As the Supreme Court's oral arguments on whether states should be constitutionally obligated to issue same-sex marriage licenses adjourned Tuesday afternoon, Heritage Foundation's Ryan Anderson said in a news conference outside the building that the likely swing vote justice, Anthony Kennedy, was "not persuaded" by LGBT arguments.
As many are predicting the Supreme Court's decision in June to come down to a narrow 5-4 vote, Justice Kennedy has been pegged again as the justice who is likely to decide which way the court leans in making the tough decision on whether the 14th Amendment requires states to uphold same-sex marriages and validate same-sex marriage licenses given out by other states.
Kennedy pointed out in the hearing that "one of the problems" in this case is that the traditional man-woman definition of marriage has been the norm for "millennia," while the LGBT definition of marriage as being a union between two loving and consenting adults has only existed inside the United States for a decade, as Massachusetts legalized same-sex marriage in June 2004. more >>
U.S. Supreme Court Justice Anthony Kennedy, considered by experts to be a "swing vote" in the gay marriage case that's expected to split the justices in a five to four decision, made statements both for and against same-sex marriage during Tuesday's oral arguments.
"The word that keeps coming back to me is 'millennia,'" Kennedy told Mary Bonauto, a lawyer for the same-sex couples challenging state laws that prohibit same-sex marriages. "This definition has been with us for millennia. It's very difficult for the court to say, 'Oh well, we know better.'"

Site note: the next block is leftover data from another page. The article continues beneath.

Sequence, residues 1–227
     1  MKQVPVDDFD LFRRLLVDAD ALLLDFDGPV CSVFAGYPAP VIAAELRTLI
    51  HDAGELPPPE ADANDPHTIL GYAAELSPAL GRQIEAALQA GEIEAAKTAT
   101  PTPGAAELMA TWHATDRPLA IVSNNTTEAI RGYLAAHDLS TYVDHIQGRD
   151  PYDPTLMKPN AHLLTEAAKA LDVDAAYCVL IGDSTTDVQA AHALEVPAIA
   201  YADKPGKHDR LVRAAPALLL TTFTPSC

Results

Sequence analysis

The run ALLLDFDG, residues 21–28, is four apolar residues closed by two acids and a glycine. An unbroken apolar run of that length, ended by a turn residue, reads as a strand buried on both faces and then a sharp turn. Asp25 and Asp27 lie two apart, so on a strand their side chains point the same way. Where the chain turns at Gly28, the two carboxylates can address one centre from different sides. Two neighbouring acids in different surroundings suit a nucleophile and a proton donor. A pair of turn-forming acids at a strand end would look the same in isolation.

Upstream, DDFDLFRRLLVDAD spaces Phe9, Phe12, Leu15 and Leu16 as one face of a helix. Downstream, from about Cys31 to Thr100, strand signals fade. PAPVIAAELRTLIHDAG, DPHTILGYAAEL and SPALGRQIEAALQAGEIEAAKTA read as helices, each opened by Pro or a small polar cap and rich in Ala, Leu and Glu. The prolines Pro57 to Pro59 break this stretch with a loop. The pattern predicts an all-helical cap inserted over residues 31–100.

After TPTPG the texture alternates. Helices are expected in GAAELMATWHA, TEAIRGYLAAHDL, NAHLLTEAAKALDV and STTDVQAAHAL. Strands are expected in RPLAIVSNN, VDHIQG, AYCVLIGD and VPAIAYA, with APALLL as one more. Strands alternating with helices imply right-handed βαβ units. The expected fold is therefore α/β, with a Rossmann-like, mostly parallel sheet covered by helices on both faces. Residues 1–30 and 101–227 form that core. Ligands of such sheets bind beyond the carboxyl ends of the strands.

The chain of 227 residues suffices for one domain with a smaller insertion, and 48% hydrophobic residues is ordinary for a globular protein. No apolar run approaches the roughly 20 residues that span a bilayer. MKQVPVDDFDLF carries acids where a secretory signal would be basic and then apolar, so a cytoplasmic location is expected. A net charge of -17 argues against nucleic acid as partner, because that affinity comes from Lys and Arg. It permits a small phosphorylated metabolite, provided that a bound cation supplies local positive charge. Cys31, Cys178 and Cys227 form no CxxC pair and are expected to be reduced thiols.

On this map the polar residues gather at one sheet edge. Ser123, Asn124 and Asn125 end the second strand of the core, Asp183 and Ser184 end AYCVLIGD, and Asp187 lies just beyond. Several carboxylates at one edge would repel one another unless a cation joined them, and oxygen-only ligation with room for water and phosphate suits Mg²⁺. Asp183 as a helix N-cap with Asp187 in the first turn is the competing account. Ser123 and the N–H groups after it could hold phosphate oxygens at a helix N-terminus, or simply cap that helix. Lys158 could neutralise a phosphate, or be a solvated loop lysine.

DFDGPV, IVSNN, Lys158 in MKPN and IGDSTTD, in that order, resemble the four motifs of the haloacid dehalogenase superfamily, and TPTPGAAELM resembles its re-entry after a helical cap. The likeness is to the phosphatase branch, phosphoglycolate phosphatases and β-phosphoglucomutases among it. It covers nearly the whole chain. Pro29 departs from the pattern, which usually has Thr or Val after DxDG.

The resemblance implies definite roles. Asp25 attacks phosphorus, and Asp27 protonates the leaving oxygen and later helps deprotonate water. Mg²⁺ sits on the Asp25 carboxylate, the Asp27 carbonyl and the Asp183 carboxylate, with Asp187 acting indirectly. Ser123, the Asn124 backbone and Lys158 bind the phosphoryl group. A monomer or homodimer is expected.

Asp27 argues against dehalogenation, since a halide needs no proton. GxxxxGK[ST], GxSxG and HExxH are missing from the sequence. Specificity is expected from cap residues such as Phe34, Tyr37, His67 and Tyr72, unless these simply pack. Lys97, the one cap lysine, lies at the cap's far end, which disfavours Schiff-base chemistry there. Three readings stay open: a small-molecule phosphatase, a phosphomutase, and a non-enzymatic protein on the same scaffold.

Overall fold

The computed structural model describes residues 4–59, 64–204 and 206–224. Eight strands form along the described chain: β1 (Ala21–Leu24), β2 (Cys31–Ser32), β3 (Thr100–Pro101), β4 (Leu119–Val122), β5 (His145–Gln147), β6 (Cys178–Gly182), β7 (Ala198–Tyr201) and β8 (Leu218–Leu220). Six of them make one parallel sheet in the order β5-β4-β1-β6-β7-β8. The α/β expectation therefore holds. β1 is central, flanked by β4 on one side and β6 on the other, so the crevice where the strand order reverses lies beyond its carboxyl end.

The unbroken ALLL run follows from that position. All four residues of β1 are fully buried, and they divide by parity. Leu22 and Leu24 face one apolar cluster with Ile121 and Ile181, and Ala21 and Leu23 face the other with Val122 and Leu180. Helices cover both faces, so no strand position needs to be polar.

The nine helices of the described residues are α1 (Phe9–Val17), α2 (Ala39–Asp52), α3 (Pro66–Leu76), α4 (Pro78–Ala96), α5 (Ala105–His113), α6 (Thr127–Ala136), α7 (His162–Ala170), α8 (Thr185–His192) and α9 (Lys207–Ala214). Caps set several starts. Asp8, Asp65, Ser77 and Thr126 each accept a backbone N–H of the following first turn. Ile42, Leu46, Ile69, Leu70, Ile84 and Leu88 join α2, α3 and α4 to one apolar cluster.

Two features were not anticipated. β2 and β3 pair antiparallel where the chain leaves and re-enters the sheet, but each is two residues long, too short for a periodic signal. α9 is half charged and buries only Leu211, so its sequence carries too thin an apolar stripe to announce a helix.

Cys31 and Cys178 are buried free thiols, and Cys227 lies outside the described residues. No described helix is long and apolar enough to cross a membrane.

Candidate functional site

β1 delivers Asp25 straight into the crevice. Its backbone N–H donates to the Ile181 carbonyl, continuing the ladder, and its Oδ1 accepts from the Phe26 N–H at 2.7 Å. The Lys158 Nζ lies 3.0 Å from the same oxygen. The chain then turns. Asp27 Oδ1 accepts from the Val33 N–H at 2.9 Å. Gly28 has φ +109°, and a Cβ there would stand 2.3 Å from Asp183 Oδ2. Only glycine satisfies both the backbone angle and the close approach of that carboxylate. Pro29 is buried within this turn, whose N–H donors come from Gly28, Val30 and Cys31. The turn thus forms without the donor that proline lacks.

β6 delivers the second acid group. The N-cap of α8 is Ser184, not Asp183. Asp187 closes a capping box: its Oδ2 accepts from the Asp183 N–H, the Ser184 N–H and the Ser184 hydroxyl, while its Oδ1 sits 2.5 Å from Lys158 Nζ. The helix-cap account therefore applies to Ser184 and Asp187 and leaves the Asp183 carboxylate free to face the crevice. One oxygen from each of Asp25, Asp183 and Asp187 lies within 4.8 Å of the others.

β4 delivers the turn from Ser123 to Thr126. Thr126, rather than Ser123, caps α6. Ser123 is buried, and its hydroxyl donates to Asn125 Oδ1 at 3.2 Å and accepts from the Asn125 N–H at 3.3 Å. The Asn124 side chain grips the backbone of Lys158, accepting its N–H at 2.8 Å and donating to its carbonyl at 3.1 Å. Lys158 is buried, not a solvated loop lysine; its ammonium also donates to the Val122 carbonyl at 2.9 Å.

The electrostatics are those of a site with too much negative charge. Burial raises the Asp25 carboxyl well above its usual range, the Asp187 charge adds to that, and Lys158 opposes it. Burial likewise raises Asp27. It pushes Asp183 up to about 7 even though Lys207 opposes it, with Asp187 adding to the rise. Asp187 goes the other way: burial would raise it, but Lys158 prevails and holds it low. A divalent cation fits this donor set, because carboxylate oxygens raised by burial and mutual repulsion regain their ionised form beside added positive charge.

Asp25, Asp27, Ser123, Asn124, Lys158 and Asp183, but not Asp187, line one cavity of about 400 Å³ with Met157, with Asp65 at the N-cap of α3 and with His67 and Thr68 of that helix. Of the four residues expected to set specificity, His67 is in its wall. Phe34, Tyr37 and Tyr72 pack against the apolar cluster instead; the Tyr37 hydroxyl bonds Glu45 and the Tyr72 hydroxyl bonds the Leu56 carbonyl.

Later in the day, however, Kennedy said that same-sex couples were seeking the same "dignity" and "ennoblement" as heterosexual couples. more >>
One line of questioning during Tuesday's oral arguments on gay marriage before the U.S. Supreme Court suggests a "wild card" compromise as one possible outcome.
While court watchers expect the usual five to four, liberal/conservative split on the court, with Justice Anthony Kennedy being the deciding vote, another possible outcome is a compromise led by Chief Justice John Roberts.
There are two questions before the Court in Obergefell v. Hodges: 1) Does the Fourteenth Amendment require a state to license a marriage between two people of the same sex? 2) Does the Fourteenth Amendment require a state to recognize a marriage between two people of the same sex when their marriage was lawfully licensed and performed out-of-state? more >>
A Christian print shop owner who refused to print pro-LGBT T-shirts in 2012 has the constitutional right not to print messages that conflict with his Christian beliefs, a Kentucky court ruled on Monday.
After Blaine Adamson, the managing owner of a Lexington print shop called Hands on Originals, refused to print T-shirts for Lexington's 2012 gay pride festival, he was found to be guilty of discrimination by the Lexington-Fayette Urban County Human Rights Commission last year, even though doing so would have violated his religious conviction. Additionally, the print shop was ordered to serve future requests from LGBT activists.